Pete Barron III bought tickets to the practice rounds for the U.S. Open, which is being held June 13-16 at Merion Golf Club’s East Course in Ardmore, Pa.
If everything goes according to plan for the 37-year-old Mays Landing resident, however, he’ll be giving those tickets to family and friends so they can watch him tee it up against the sport’s top players.
He’ll begin that quest today when he plays in the local qualifying section of the tournament at Waynesborough Country Club in Paoli, Pa.
The top eight finishers in the 18-hole competition will advance to the sectionals, where golfers will play 36 holes in one day in an effort to join U.S. Open defending champion Webb Simpson, Rory McIlroy, Phil Mickelson, Tiger Woods and the rest of golf’s elite players at Merion.
“It’s a real long shot, but it can be done,” Barron said. “The key is to play well enough to get through the local qualifier. If you can do that, it’s all about catching lightning in a bottle.”
Barron, who now works as a financial analyst, is among a record 9,960 players that signed up for the local qualifying segment. At least four other local golfers — Egg Harbor Township’s John Appleget, Middle Township’s Alex Hicks, Margate’s John Manfredi and Millville’s Jeff Simpson — are also registered.
Barron, Manfredi and Simpson will all be playing at Waynesborough today. Appleget and Hicks, who just finished his sophomore year at the College of William & Mary in Virginia, are teeing it up today at Worthington Manor Country Club in Urbana, Md., outside Baltimore. Like Waynesborough, Worthington also has eight slots for the sectional round.
“My expectations aren’t too high,” said Simpson, a 1996 Millville High School graduate who was The Press Player of the Year as a senior. “I’m in the early stages of a swing change and I hit a wall about a week ago. I’m just going to go out there and try to play well early and then hold on for dear life.”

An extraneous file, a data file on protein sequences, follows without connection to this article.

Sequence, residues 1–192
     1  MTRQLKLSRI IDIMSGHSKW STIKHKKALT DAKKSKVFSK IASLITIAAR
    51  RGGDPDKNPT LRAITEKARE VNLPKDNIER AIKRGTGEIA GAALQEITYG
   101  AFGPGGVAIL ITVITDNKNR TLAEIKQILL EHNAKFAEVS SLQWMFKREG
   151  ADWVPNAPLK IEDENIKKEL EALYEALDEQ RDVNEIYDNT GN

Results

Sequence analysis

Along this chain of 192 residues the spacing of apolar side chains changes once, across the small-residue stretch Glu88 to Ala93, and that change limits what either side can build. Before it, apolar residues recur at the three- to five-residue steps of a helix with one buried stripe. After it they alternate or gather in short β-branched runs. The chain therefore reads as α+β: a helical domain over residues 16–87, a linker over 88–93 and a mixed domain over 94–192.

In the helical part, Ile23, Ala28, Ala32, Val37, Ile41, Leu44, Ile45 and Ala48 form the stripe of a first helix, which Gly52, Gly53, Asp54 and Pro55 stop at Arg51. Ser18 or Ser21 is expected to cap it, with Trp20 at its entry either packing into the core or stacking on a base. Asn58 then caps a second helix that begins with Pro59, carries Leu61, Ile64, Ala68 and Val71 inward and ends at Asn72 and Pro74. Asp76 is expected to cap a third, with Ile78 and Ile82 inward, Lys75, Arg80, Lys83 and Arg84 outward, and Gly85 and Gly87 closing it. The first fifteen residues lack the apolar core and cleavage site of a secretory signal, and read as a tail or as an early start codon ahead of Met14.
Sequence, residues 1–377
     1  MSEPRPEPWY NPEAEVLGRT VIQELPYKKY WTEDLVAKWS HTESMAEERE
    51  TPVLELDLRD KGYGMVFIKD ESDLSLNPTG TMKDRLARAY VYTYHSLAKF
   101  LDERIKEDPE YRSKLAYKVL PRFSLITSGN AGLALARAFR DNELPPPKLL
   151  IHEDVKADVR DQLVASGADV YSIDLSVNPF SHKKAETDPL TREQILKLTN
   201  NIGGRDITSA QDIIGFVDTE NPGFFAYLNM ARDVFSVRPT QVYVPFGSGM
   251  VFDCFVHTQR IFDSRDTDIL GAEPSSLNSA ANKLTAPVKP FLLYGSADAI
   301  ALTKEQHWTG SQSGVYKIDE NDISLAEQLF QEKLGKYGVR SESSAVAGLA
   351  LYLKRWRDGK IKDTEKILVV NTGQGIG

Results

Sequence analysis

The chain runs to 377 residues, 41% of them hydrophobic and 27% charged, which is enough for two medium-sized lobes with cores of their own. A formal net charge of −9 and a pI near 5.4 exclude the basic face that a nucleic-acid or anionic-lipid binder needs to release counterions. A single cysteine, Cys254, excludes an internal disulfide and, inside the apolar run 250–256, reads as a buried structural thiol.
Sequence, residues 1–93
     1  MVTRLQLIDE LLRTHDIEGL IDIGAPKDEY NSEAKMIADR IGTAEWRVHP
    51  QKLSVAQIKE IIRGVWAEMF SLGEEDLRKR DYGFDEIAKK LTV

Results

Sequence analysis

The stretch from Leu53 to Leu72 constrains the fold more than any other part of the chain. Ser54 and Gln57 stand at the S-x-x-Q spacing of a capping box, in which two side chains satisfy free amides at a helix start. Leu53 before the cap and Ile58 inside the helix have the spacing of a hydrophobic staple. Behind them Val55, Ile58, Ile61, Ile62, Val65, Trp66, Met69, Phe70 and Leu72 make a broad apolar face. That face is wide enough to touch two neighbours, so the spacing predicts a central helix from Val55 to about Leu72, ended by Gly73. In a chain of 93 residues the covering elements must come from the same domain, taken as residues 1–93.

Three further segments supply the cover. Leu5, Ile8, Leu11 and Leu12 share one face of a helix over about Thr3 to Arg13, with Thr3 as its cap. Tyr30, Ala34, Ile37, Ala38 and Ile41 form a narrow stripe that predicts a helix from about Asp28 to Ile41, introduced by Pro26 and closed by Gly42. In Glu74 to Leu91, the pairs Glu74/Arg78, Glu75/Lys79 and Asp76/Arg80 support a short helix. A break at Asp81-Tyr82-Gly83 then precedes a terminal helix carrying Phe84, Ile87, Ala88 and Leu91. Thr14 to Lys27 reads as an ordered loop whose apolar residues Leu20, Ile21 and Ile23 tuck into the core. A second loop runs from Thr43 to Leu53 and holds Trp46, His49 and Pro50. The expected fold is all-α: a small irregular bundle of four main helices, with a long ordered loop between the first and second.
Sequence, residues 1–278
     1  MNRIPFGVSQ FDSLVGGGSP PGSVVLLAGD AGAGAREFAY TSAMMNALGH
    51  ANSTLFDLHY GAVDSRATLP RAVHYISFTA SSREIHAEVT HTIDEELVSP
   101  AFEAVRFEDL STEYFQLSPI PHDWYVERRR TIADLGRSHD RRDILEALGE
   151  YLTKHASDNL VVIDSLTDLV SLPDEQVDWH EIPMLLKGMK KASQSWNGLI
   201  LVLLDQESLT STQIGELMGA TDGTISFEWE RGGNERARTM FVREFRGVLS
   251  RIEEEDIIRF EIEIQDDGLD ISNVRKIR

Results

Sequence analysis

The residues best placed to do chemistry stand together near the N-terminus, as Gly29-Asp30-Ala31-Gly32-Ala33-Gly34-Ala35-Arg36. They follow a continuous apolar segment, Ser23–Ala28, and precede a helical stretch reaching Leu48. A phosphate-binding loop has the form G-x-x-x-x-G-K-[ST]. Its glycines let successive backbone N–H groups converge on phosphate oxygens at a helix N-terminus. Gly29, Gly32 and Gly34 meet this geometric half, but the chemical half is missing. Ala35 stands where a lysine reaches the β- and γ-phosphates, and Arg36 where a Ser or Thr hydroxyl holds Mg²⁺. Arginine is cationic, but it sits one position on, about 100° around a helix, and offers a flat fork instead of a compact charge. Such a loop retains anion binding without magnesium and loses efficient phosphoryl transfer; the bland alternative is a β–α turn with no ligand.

Should they make it, local golfers will advance to a sectional qualifier on June 3 at either Century Country Club or Old Oaks Country Club in Purchase, N.Y., one of 13 sectional qualifying sites.
The competition at that level is considerably stiffer. Besides golfers from other local qualifiers, they will be playing against PGA Tour pros who were not granted exemption into the U.S. Open.
“There’s a lot of great players at that level,” Barron said. “I made it to sectionals twice and both times I played well and still finished six shots short of making it (to the U.S. Open). One time I was there and (PGA tour player) Brad Faxon was two groups ahead of me.
“I think I have a chance to at least get back to sectionals. You don’t have to be clicking on all cylinders, but you have to be close. I’ve had trouble putting, but I’m still good enough to get around (Waynesborough) in par or 1-under and I think if I can do that I’ll get through.”
Appleget, the 48-year-old head golf instructor at Wildwood Golf & Country Club, has come the closest to qualifying for the U.S. Open.
In 2003, he came up just two strokes short of reaching a playoff at a sectional at Woodmont Country Club in Rockville, Md. He shot 67-74 to barely miss out on an opportunity to play in that year’s Open at Olympia Fields Country Club in Olympia Fields, Ill.
“Just to give you an idea of the level of competition, I was in the same group with (PGA Tour players) Briny Baird and Jean van de Velde that day,” Appleget said. “After I shot 67, I was licking my chops to get back out there and play the easier of the two courses, but then it started to rain so hard that they had to bring us back the next day. The conditions were very tough. I was driving the ball in the fairway and landing in puddles.”
Appleget estimated that he’s playing in six or seven sectional tournaments, but admitted it’s getting more difficult to advance beyond the local qualifiers each year because of the talent.
Top veteran players are now being joined by younger standouts such as Hicks, who was a three-time Press Player of the Year while at Middle Township High School. Hicks, 22, just finished second in the Colonial Athletic Association championships last week.
“It’s getting harder and harder,” Appleget said. “Not only is the playing pool getting better, but the game of golf has changed. Golf is more of an athletic game now than a skill game. The art of playing golf and having experience is becoming less valuable.”
Contact David Weinberg: